The great potato debate: McDonald’s reignites an interstate dispute
The fish’n’chip shop has a special place in the heart of Australians.
It’s memories of running barefoot on burning bitumen on you’re way back from the beach, being baptised by the plastic drapes on the doorway and seeking refuge in the deep-fried-thickened air of your local corner store.
You stroll up to the counter, pull a couple of gold coins out of your pocket and say, “can I get two potato scallops please?”
McDonald’s have reignited the potato scallop debate.Credit:Matt Golding
That is of course, unless you live in the alternate universe of Victoria … or Tasmania, or Western Australia which each have whacky names, such as potato cake or potato fritter, for the deep-fried delicacy.
The great potato debate has been reignited once more after McDonald’s announced it was putting potato scallops with chicken salt on its menu, an item that is “the perfect combination of crunchy tempura coating and fluffy potato”.
The fast food giant wouldn’t comment on whether it had put its foot down and settled the debate once and for all when approached by this masthead, but it did point to a recent social media post which says it all.
“New potato scallops with chicken salt are here. And yes, it’s scallops, not cakes or fritters … cause Grimace [McDonald’s character] said so.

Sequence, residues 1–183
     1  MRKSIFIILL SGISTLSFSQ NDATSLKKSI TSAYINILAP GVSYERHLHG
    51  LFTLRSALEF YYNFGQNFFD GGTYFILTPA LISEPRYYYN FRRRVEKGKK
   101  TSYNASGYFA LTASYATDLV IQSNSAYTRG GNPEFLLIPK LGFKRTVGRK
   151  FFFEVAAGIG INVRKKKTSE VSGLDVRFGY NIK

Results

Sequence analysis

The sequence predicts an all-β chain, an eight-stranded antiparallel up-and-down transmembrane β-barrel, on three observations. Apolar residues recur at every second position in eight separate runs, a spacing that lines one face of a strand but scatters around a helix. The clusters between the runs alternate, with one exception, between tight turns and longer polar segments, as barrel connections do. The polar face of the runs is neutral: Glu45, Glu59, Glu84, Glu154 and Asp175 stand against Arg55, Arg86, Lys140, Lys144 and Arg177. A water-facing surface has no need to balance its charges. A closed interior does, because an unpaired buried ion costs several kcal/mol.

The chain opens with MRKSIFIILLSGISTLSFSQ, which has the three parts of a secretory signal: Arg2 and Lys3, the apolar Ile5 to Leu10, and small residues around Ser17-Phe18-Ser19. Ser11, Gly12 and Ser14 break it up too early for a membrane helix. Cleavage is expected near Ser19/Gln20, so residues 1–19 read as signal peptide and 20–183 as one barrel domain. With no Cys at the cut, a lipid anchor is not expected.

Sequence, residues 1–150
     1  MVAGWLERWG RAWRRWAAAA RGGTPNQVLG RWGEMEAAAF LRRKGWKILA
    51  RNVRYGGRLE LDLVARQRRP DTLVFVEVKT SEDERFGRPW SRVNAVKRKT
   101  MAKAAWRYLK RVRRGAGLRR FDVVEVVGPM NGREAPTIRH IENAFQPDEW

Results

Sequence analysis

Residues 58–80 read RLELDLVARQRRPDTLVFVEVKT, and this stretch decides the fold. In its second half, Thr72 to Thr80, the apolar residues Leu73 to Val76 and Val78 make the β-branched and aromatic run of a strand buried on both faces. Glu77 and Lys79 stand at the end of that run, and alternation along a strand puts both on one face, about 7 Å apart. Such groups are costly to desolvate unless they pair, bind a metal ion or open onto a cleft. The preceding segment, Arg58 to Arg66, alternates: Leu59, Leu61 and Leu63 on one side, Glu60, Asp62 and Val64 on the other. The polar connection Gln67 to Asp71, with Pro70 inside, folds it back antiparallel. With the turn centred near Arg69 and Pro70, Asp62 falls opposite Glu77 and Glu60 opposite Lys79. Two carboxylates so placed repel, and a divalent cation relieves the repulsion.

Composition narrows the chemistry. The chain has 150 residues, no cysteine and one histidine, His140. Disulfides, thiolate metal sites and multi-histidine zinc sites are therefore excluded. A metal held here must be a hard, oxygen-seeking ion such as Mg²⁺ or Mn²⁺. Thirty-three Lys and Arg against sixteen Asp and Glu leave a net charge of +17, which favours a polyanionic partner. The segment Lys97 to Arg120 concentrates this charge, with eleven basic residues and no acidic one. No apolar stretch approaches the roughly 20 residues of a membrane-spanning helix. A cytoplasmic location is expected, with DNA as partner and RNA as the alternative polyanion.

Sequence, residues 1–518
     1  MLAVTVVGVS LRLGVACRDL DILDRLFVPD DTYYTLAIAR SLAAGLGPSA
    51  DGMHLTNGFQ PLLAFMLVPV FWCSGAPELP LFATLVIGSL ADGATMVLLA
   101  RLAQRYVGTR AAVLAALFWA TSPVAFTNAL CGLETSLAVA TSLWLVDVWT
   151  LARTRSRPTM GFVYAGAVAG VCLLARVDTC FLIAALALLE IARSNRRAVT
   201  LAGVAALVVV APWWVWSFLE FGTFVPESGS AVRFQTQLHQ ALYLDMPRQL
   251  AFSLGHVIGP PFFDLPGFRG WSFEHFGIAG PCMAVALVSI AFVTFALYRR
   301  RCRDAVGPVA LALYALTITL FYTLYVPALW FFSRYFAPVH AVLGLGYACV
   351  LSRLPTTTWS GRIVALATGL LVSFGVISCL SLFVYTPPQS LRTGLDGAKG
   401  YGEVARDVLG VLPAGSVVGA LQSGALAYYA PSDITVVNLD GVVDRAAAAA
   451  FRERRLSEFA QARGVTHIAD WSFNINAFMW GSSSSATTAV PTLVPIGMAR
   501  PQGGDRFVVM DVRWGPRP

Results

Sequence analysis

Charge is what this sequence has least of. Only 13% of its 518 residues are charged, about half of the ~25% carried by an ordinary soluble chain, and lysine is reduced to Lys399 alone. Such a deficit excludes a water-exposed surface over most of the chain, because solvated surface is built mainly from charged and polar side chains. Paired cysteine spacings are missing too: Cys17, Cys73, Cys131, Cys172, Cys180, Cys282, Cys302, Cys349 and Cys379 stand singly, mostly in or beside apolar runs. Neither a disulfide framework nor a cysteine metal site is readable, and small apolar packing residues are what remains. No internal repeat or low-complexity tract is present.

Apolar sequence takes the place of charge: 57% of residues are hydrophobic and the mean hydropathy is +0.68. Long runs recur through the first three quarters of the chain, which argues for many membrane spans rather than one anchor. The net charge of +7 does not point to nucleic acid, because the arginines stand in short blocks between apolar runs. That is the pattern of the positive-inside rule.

Despite there being no clear-cut reason as to why the name of the potato snack has chopped and changed between states, there is good explanation as to why “scallop” isn’t totally insane.
As a culinary description, scallop is the most accurate because it comes from the French word escaloper, meaning to cut fine slices.
Potato snacks aside, Australians have long had a bone to pick when it comes to the different names of food and drink between states.
Victorians are adamant that a NSW middy of beer is called a pot, while Queenslanders calls swimmers, togs. A sausage sandwich is a sausage in bread if you’re Tasmanian, or a sausage sizzle in Western Australia, while the place you buy your school lunch is almost universally known as a canteen unless you’re from Queensland, in which case it’s a tuck shop.
However, the dispute over food names extends beyond our borders and infuriates people internationally. A packet of chips is a packet of crisps to the British, while the concentrated flavoured liquid Australians call cordial is known as juice to the Scottish.
At the end of the day, does it really matter what we call a slice of deep-fried potato? Can’t we just put our differences aside and find our common humanity? Then again, sometimes it’s healthy to have a little rivalry between the states. How else would Melbourne have become such a vibrant city?
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